Free neutrons emit electrons and anti-neutrinos to become protons. If an antineutrino strikes a proton, the proton can emit a positron and a neutrino to become a neutron. If a neutrino (especially one undergoing "oscillation" gets close enough to a neutron, the neutron can emit an electron and an antineutrino to become a proton. Neutrinos and anti-neutrinos differ only in lepton number and are commonly referred to together as "neutrinos." Recently, as mentioned, evidence has been building relating to the admittedly remote possibility that neutrino oscillation is magnified in an intense electric field which then creates an enhanced cross-section for nuclear interaction in a two step process with the result that the target nucleus becomes unstable..
There exist much terrestrial evidence for the proposition that this has occurred continually over time in our ionosphere, subject to reinterpretation of older studies of isotope anomalies. When such reactions occur, spin and lepton number must be conserved. When a proton emits a positron, as happens when 88Y reverts to 88Sr, there would be a discrepancy in the sum of their spins and lepton numbers without the neutrino and its presence near any charged nucleus may mean an enhanced absorption cross section due to an "oscillation-in-progress." A side effect is that in some elements, neutrino interaction can appear auto-catalytic, in that it appears to induce a partial chain reaction. It will be emphasized that without the oscillation itself, the cross-section for neutrino interaction is trillions of times too improbable to use in any small device as an energy resource.
This bears repeating, as the tendency for anyone who has not been exposed to this idea is to write off neutrino interaction as too improbable to even consider. Everyone agrees with that assessment - as far as it goes. However, the recent large budget neutrino studies such as 'Super-K' are finding evidence that neutrinos will interact more readily when they undergo a transition from a massless state, traveling at light speed, into a slightly slower speed with small mass. This is my interpretation of the results, as there is not enough energy in the universe to propel any neutrino 'with mass' to lightspeed, yet we are absolutely certain that neutrinos travel at c. most of the time: the evidence is as follows (excuse the digression).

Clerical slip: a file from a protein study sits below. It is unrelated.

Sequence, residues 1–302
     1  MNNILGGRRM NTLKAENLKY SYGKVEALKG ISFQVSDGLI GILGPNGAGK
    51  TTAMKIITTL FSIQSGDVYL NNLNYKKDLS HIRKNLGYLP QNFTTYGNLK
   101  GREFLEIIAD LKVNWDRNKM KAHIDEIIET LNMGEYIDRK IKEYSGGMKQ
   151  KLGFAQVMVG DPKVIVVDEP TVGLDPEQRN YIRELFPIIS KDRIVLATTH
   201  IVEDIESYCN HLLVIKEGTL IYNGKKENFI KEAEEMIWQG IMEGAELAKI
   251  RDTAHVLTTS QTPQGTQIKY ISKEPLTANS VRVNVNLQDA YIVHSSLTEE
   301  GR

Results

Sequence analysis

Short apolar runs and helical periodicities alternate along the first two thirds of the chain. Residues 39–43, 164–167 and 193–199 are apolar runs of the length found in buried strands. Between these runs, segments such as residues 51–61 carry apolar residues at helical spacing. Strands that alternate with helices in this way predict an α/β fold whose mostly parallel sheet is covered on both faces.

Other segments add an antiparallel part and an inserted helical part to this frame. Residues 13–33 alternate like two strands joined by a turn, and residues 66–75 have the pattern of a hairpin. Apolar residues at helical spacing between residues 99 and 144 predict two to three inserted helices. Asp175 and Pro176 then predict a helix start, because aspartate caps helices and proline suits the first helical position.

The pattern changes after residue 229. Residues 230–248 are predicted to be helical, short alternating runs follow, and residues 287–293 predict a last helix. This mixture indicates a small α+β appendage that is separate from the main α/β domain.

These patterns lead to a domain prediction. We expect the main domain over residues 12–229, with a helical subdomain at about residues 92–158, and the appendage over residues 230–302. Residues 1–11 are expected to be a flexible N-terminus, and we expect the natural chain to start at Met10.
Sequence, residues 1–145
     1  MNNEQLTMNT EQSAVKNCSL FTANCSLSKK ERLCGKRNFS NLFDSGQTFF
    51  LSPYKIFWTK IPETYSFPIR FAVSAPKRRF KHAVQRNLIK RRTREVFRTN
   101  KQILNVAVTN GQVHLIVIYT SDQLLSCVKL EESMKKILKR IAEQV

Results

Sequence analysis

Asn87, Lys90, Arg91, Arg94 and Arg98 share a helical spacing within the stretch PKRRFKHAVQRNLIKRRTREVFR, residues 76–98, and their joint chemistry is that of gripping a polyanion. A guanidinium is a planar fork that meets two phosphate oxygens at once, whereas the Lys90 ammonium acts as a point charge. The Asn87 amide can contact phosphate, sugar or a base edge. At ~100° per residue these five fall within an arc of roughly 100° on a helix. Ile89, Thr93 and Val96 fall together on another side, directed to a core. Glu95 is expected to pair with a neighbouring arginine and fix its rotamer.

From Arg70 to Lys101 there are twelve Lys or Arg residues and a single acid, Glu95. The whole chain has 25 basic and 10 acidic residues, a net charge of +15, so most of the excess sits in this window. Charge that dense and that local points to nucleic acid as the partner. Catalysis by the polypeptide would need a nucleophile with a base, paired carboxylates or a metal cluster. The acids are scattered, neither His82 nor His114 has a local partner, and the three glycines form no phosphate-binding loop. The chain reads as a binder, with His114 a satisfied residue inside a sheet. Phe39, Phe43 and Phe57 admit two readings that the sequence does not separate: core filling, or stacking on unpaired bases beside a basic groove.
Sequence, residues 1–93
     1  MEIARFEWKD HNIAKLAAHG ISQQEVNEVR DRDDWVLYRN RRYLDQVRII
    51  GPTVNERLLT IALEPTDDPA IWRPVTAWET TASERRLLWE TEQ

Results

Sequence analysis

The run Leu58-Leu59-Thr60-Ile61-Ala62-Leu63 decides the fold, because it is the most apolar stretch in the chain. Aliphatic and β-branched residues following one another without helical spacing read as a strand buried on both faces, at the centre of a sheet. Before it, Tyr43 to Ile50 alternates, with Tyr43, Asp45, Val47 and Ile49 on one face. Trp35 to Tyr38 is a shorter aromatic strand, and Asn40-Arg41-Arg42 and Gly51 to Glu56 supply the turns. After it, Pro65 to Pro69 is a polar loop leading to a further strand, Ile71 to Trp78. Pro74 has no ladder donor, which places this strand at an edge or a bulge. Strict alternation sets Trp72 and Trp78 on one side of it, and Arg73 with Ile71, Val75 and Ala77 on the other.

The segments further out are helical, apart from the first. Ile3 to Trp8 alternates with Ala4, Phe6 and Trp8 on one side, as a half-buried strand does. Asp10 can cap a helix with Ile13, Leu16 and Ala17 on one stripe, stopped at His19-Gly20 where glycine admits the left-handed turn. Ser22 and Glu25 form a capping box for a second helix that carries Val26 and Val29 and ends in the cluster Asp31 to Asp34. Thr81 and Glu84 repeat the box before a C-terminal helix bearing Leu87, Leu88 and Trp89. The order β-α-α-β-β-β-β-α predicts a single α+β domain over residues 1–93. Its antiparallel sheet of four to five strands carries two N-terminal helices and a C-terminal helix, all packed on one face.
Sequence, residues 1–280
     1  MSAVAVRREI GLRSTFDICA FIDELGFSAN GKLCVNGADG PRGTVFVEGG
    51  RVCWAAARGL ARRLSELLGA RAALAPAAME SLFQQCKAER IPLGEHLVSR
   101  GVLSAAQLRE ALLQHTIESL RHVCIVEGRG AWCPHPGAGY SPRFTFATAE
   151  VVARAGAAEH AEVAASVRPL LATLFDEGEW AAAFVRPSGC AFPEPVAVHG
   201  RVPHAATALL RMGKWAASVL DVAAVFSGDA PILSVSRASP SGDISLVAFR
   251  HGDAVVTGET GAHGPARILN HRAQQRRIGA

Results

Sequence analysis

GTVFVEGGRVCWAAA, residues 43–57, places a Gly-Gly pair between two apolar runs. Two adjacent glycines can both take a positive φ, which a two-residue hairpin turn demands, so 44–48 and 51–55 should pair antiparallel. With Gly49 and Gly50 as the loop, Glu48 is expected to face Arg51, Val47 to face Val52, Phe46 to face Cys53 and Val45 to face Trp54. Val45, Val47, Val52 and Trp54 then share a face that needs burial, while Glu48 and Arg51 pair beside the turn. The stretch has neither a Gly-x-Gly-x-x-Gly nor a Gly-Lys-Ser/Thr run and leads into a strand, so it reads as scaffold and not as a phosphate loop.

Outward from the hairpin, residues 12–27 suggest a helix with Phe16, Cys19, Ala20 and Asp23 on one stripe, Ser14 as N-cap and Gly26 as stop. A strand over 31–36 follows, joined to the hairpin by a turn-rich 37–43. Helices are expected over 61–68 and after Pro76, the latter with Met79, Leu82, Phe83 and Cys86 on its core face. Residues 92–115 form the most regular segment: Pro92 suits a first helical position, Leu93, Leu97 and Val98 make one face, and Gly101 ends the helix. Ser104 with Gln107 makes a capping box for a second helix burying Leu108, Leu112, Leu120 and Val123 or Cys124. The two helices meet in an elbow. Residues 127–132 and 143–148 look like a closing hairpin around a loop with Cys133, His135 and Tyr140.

Very large stars end their lives in a cataclysmic explosion called a supernova like one nearly twenty years ago in the Large Magellanic Cloud, about 160,000 light years away. Photographed in 1987, and named 1987A, it was the first supernova visible to the naked eye since the seventeenth century. Astrophysicists have predicted that such a supernova explosion would produce a sharp pulse of neutrinos, as they carry nearly all of the energy of the explosion. But do the elusive uncharged particles move at the speed of light or instead just near the speed?